Author: George Everett
by George Everett
Butte is unique among Montana cities—some say it is unique among cities anywhere—and now there is a book that proves it. Butte Trivia by longtime Butte resident George Everett is packed with 720 eye-opening questions and answers about the state’s most raucous and rollicking town. From Butte’s wide-open years to modern times, this book mines Butte’s richest veins of astounding facts and figures. Of course, Butte claims many Montana superlatives, including the state’s first millionaire, most expensive road, and deepest lake, and Butte may be the only city on the planet to boast ringing rocks, flying cowboys, and a memorial marker for a moose.
About the Author
George Everett is a writer and photographer who lives in Butte, Montana. He has written more than 100 articles, many illustrated with his own photography for a variety of regional and national publications. Most of his writing has focused on art, business, travel, and history topics in Southwest Montana for magazines and newspapers including Horizon Air, American History, American Heritage, Conde Nast Traveler, Great Falls Tribune, Highlights for Children, The World of Hibernia, Historic Traveler, Irish America, Montana Magazine, The Chicago Tribune, The Denver Post and The Seattle Times.
In 1995, Everett published Champagne in a Tin Cup, a magazine story that grew into a book for visitors that was widely embraced by long-time residents of Butte.
Everett has been a small business owner for the past decade, operating a small consulting firm that provides Internet and editorial business assistance to businesses primarily in Butte, but also in Anaconda, Dillon, Missoula, Philipsburg, and Bozeman. For example, he maintains the city of Anaconda’s portal web site www.anacondamt.org.
One of his accomplishments that he is most proud of is his retail business portal site ButteAmerica.com to showcase Butte’s retail sector to a broader trade area. His writing about a variety of topics can be found on butteamerica.com and its companion online magazine, Only in Butte ( butteamerica.com/oib.htm).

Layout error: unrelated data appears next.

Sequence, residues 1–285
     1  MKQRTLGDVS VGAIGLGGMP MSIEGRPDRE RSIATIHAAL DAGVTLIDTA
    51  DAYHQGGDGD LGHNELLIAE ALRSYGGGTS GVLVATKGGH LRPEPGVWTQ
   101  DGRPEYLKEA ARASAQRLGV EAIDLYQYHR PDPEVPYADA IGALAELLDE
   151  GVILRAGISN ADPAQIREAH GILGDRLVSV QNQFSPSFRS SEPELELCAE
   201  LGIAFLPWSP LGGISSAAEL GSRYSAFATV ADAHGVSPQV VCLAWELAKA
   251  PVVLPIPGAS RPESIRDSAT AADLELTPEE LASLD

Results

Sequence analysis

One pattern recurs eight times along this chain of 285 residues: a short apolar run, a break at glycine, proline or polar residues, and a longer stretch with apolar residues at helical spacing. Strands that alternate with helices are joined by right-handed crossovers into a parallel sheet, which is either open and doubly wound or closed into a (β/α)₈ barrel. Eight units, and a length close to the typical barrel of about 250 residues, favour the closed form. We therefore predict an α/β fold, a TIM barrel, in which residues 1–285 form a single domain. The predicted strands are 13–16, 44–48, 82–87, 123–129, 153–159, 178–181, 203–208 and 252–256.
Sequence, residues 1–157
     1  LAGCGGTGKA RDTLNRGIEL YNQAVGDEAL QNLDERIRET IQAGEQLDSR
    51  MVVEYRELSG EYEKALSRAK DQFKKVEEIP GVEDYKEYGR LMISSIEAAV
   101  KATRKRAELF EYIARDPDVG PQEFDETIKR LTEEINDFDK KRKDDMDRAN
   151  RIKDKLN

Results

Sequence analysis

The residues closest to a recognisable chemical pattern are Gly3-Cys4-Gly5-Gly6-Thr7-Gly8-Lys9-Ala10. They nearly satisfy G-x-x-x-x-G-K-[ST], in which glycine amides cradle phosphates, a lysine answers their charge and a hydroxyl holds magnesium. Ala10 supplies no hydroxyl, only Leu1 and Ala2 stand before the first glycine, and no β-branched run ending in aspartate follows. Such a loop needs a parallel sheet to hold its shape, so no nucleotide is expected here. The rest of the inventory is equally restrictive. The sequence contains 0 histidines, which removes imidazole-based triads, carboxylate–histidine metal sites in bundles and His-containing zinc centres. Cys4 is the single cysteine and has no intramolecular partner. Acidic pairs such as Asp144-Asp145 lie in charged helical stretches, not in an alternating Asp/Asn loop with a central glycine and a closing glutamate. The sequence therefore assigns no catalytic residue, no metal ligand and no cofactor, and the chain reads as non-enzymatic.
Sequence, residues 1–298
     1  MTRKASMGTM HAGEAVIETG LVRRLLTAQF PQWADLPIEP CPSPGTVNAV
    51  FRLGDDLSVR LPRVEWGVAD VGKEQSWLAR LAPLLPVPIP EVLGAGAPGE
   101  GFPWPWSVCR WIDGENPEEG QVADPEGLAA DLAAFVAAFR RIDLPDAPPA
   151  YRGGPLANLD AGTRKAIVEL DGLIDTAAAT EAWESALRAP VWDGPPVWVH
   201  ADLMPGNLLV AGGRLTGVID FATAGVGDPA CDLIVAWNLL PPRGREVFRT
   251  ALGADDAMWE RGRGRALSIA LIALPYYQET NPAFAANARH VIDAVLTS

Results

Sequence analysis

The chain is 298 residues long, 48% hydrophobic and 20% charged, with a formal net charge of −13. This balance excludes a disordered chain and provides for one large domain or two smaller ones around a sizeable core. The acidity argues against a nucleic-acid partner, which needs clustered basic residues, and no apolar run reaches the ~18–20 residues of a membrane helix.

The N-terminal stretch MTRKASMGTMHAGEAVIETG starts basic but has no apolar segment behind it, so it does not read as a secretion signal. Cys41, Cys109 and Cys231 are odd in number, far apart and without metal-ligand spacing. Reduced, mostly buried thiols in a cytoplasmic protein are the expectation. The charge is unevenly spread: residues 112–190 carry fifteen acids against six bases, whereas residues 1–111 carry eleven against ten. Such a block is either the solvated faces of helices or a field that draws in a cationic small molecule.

Everett has served as the Vice President of the Butte Convention and Visitor’s Bureau and has worked in tourism-related efforts to promote Butte’s attractions on the boards of the Mai Wah Society and the World Museum of Mining. For the Mai Wah Society, Everett worked on their permanent museum interpretive exhibit and with the government of Taiwan through its consular office in Seattle to donate a ceremonial parade dragon to Montana to reside in Butte for use in parades and festivals.
Since October, 2002, Everett has been responsible for the Mainstreet Uptown Butte program as its Executive Director. This four-point approach incorporates design, promotion, organization and economic restructuring to rejuvenate Butte’s Historic Uptown business district to make it a cleaner, greener, and livelier place to work and play. In this role he is most content with his part in coordinating efforts to light up seven historic headframes, put 12x18 flags on each and to plant more than 350 trees in the last three years with strong community support for all of these projects.
Everett has been a Butte native since 1983 and lives in an old house on the Hill with his wife Barbara and son Benjamin (two daughters Emily and Olivia have both gotten big enough to leave the building). The house was once referred to by the Chippewa-Cree who lived on the Big Butte nearby as "The Bikky House," because the owner's wife made the best biscuits on the Butte Hill and shared them with anyone who came to the door.
Butte is unique among Montana cities—some say it is unique among cities anywhere—and now there is a book that proves it.
“Butte Trivia” by longtime Butte resident George Everett is packed with 720 eye-opening questions and answers about the state’s most raucous and rollicking town. From Butte’s wide-open years to modern times, this book mines Butte’s richest veins of astounding facts and figures.
As executive director of Mainstreet Uptown Butte, part of Everett’s job is to be an expert on the Mining City’s background and history. But writing a 124-page, 720-question trivia book on the Mining City? Everett admitted it was a little intimidating.
The book is over 25 years of learning,” Everett said. “It’s almost everything I know about Butte, in trivia form.”
Indeed, there are answers to questions you never thought of asking. If you’ve ever wanted to know how many bones Evel Knievel broke during his career, or how long the nose is on Our Lady of the Rockies, or what famous comedian stole a tourist trolley from downtown Butte, then this book is for you.
Everett humbly acknowledges his book is by far the most definitive source about everything Butte—from the city’s official flower (it’s Clarkia pulchella, or the pink fairy) to what Catholic miners called waste rock from underground mines (Protestant ore).
One of Everett’s favorite items he uncovered is about a young man who was the stand-in for Charlie Chaplin. “A lot of people know Charlie Chaplin preformed in Butte,” Everett said. “But his understudy, Stanley Jefferson, was also a good story.” Why? Because shortly after leaving the Mining City, Jefferson changed his last name to “Laurel” and became the first half of the comic duo Laurel and Hardy.
Of course, Butte claims many Montana superlatives, including the state’s first millionaire, most expensive road, and deepest lake, and Butte may be the only city on the planet to boast ringing rocks, flying cowboys, and a memorial marker for a moose.
“I hope people have as much fun reading this as I did writing it,” Everett said.
Full of unforgettable facts and fascinating tidbits, “Butte Trivia” belongs in every classroom, bathroom, and barroom. The 128-page paperback sells for $9.95 and is available at bookstores or by calling Riverbend Publishing toll-free 1-866-787-2363.